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What’s the clearest way to portray women as commodities?

jpozners Icon Posted by Jennifer L Pozner

June 30th, 2007

Since reality TV is product-placement driven, it’s no surprise that the genre routinely attempts to manufacture a vision of “reality” which — though bearing little resemblance to real life — methodically mirrors the deeply sexist ideology of Madison Avenue. In the world of advertising, women are always “hot girls,” never self-actualized adults; we’re always available for male sexual gratification but rarely allowed to be in control of our own sexuality or our own pleasure; and, of course, we’re only valued for being “perfect 10s” (i.e., thin, firm, white, Western, waxed and perfectly coiffed, with no visible cellulite, panty lines or even pores).

In reality TV as in advertising, female sexuality is used to sell pretty much everything that exists to be sold — the only difference is that in advertising we understand we’re being shilled to, while in reality TV the shilling masquerades as content. Yet the use of female bodies and female sexuality as commodities is consistent in both realms.

So, what’s the most efficient way to get across the message that women are nothing more than commodities? Pose them as living mannequins for commercial fashion brands, as on “Britain’s Next Top Model.” In a rerun episode of the show that aired today on VH1, a group of aspiring models literally replaced the mannequins in the windows of Harrods, the upscale London department store, while gushing about how much of an honor it was to be of use to such a famous shopping center. The same device was used in 2004 on the third season of “America’s Next Top Model,” then on UPN, when the ANTM competitors were made to pose in teensy lace bras and thong underwear in the window of La Perla, the lingerie store in which a couple of pairs of panties can cost as much as a month’s rent. In both episodes, crowds of leering men gathered outside the store windows, using cell phone cameras to capture what amounted to the low-rent version of soft-core shots of the just-barely-clad models. In the American version, the La Perla window task was an official challenge, and the women were evaluated as to how little they were able to blink as they stood, sat or lounged stock-still in their skivvies; in the British series, hawking underwear for Harrods wasn’t considered a challenge but its own reward.

The symbolism is exceptionally clear: mannequins have no voice, no choice, no agency, no personality (and no asses — ever see those tiny one-size-fits-all plastic bods undressed? Scary!). Of course, neither do women in reality TV, who are about as interchangeable as Robert Palmer video girls. Both plasticized versions of the female form (actual mannequins, as well as women who appear on reality TV modeling, makeover and sometimes even dating shows) exist solely to sell products and, by proxy, to sell dangerous ideas about women’s bodies, beauty and worth as well.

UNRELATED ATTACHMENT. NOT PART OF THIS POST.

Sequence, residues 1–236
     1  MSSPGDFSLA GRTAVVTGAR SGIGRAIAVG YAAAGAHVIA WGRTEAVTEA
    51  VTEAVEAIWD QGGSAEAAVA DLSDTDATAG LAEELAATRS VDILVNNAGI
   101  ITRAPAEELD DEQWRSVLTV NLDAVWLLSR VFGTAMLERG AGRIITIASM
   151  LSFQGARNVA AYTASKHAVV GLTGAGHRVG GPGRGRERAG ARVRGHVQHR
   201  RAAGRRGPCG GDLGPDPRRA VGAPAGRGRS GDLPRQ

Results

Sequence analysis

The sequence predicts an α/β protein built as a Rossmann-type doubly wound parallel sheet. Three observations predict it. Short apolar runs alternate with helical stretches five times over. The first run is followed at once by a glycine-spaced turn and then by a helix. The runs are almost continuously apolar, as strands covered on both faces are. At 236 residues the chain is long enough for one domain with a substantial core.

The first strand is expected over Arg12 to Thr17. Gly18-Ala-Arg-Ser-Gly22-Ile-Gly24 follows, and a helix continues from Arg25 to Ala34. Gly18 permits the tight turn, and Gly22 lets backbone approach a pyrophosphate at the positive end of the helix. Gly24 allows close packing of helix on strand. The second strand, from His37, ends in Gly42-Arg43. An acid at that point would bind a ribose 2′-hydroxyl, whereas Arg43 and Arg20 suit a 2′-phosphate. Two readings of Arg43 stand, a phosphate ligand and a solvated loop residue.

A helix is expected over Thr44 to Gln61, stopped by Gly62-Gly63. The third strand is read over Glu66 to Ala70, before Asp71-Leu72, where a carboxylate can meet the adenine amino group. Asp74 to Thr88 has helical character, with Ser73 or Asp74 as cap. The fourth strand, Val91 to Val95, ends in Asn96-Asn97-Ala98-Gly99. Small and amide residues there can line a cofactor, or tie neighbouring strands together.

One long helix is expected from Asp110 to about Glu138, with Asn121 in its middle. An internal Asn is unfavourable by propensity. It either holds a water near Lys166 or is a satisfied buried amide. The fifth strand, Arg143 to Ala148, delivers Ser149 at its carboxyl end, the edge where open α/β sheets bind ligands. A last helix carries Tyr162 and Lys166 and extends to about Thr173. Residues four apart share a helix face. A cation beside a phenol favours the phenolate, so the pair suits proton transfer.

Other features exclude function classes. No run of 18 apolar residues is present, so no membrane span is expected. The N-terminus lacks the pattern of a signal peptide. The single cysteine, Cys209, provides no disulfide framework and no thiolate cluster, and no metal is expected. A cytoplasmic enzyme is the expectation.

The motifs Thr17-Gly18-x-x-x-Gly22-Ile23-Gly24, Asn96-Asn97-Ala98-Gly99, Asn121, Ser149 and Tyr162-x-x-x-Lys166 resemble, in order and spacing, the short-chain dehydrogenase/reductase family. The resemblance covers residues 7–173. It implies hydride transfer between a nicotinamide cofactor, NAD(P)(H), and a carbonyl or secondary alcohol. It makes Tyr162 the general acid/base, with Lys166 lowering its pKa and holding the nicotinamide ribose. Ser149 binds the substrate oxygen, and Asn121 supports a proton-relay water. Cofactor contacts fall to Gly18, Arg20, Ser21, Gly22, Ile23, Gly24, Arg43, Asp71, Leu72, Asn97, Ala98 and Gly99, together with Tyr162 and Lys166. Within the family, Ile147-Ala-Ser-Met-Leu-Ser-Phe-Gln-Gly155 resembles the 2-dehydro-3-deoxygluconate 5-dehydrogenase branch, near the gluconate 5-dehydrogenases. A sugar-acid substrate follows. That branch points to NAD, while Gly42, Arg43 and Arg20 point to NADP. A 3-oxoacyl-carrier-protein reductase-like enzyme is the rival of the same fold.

I’ve been saying it for years, but it seems to bear repeating with an example as clear as this one: reality TV is every ad man’s (and, ok, yes, ad woman’s) wet dream. No longer do they have to hope that their one page lingerie ad gets noticed amidst the over-stuffed pages of Vogue or that you haven’t gone to the bathroom during their 30-second commercial spot for Harrods’ holiday sale. Now, they can construct entire programs in which the characters, dialog and plots revolve around the crap they’re hoping to get us to shell out for — all the while pretending these programs are “entertainment” rather than hour-long infomercials for integrated sponsors.

By literally reducing women to lifeless mannequins (and by portraying women as wanting nothing more than that) for the benefit of product-placement advertisers like La Perla and Harrods under the guide of “reality,” shows like “America’s” and “Britain’s Next Top Model” are likely to exponentially increase the harmful psychological impact of advertising on girls and women who view these programs (see Jean Kilbourne’s Can’t Buy My Love: How Advertising Changes the Way We Think And Feel for documentation of advertising’s negative influence over girls’ and women’s self-esteem).

But who cares about the well being of women and girls when we’ve got pricey La Perla panties to push, eh?

(I can’t remember if I mentioned this here prior, but I finally hit on a working title for my reality tv book — Bachelors, Bridezillas and Beautiful Corpses: Unraveling Reality TV’s Twisted Fairy Tales. If you have any better ideas, send ‘em my way — info[at]wimnonline[dot]org — or suggest them in the comments field below. )

Oh, and as always, if you’re interested in bringing WIMN to your campus or community group for a multi-media discussion about representations of women in reality TV, contact WIMN using this form, or let us know at info[at]wimnonline[dot]org

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